Manufacturing activity decreased since the last report. A January survey of purchasing managers by Creighton University (Omaha, Neb.) indicated that activity significantly decreased in Minnesota and South Dakota, and slightly decreased in North Dakota. Several manufacturers decreased production since the last report. A Minnesota window maker announced production cuts, a fiberglass producer plans to close a plant and a metal cab maker reduced production. In South Dakota, a respirator plant temporarily shut down and a computer component producer plans to shut down.
Energy and Mining
Activity in the energy and mining sectors fell since the last report. Mid-February oil and gas exploration declined significantly from early January. Several ethanol plants went up for auction. A Montana metals mine recently reduced production. A large cooperative energy utility noted decreased demand after adjusting for weather patterns.
Agricultural conditions deteriorated since the last report. Results of the Minneapolis Fed's fourth-quarter (January 2009) survey of agricultural credit conditions indicated that lenders expect overall agricultural income and spending to decrease significantly in the first quarter of 2009. "The agriculture economy is looking a little tough due to lower prices in both the livestock and grain markets," commented a Montana respondent to the survey. Meanwhile, milk prices dropped significantly since last December.
Employment, Wages and Prices
Labor markets continued to deteriorate, with a number of companies announcing layoffs. After cutting 2,400 jobs companywide in the fourth quarter, a Minnesota-based manufacturer indicated that more cuts are likely in 2009. Similarly, a Minnesota-based telecommunications firm that laid off 350 employees in October said more layoffs were to come. Also in Minnesota, a window maker plans to eliminate 50 positions and temporarily lay off about 400 workers, a cleaning and sanitizing products maker is cutting 200 jobs and a financial services company is cutting 100 jobs. In addition, a snowmobile and utility vehicle manufacturer announced plans to lay off more than 110 employees, while a nearby competitor will lay off 100 employees. Falling oil prices led to about 150 layoffs in western North Dakota. A company that makes processing equipment for the semiconductor industry recently announced plans to lay off 200 employees in Montana after cutting 100 workers in November. A job service center in Montana reported seeing many more people per day in January than in the past, and job seekers were less selective about job openings.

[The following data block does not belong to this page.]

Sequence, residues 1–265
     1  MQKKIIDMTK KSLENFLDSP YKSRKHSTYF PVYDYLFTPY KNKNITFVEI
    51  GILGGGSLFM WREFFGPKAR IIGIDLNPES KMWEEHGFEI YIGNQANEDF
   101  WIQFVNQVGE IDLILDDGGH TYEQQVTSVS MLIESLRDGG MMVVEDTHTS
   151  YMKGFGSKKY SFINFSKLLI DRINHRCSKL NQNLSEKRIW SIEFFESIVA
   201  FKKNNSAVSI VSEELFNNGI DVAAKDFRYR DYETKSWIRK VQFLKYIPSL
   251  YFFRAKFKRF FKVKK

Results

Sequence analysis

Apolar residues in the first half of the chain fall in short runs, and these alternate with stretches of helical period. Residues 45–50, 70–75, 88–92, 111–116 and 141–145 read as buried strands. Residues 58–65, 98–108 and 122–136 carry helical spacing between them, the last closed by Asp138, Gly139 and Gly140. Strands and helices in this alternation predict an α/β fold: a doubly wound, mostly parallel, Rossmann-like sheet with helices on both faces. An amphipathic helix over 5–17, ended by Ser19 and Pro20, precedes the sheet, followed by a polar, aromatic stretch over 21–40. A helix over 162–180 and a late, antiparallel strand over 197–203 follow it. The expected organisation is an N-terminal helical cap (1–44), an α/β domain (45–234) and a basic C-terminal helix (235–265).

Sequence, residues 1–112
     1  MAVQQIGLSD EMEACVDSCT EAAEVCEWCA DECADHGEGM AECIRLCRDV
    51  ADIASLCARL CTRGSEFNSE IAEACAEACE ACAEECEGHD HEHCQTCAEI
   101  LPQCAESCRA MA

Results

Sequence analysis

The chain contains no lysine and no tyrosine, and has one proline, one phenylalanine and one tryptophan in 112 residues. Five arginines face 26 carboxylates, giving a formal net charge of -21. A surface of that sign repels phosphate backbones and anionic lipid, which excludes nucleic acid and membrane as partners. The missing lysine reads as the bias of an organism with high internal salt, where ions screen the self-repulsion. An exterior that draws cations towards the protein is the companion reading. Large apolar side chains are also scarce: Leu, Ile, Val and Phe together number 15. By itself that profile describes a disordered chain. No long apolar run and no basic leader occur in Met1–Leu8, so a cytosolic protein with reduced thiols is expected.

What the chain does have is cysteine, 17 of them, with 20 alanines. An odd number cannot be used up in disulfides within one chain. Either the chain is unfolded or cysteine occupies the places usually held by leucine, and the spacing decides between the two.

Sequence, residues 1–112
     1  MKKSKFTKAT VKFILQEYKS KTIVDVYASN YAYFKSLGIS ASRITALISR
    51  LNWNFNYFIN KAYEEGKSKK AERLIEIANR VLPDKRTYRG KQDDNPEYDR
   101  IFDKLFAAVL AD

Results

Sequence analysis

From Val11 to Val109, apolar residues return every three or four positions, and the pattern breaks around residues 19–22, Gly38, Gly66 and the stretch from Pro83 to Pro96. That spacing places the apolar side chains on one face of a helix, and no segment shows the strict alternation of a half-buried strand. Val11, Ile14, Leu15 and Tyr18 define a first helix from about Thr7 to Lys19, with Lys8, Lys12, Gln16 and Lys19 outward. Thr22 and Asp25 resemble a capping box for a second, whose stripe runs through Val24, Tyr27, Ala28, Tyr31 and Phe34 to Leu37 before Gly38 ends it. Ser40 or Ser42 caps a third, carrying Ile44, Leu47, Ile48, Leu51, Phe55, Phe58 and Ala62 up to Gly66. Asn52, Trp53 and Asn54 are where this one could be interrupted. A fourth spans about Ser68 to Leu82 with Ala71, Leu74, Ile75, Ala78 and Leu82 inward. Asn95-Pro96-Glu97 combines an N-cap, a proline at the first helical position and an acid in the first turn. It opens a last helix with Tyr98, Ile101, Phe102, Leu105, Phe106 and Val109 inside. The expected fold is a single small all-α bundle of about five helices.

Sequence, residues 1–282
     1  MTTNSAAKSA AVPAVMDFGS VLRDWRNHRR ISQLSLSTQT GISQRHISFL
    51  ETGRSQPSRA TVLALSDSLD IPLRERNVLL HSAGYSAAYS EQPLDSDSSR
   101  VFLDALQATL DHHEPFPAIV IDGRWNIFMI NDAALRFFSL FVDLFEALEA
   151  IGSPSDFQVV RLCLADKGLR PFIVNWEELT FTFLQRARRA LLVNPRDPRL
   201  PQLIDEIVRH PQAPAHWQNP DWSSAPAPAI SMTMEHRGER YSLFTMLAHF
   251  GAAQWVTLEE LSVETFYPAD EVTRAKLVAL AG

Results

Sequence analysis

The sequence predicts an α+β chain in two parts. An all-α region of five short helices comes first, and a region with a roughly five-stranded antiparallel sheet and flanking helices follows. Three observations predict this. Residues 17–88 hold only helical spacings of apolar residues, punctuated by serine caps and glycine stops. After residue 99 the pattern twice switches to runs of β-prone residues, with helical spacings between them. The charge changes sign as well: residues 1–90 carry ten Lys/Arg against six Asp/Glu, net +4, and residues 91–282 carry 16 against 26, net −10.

Overall wage increases remained modest, and examples of pay cuts or freezes were noted. Some companies that announced layoffs reported that executives and, in some cases, other employees received cuts in their compensation packages. State workers in South Dakota recently accepted a freeze in pay levels.
Prices remained relatively stable since the last report; many prices were lower compared with a year ago. Minnesota gasoline prices in mid-February were about 35 cents higher than at the end of December, but were about $1 lower than a year ago. Metal prices remained much lower than a year ago after decreasing sharply last fall.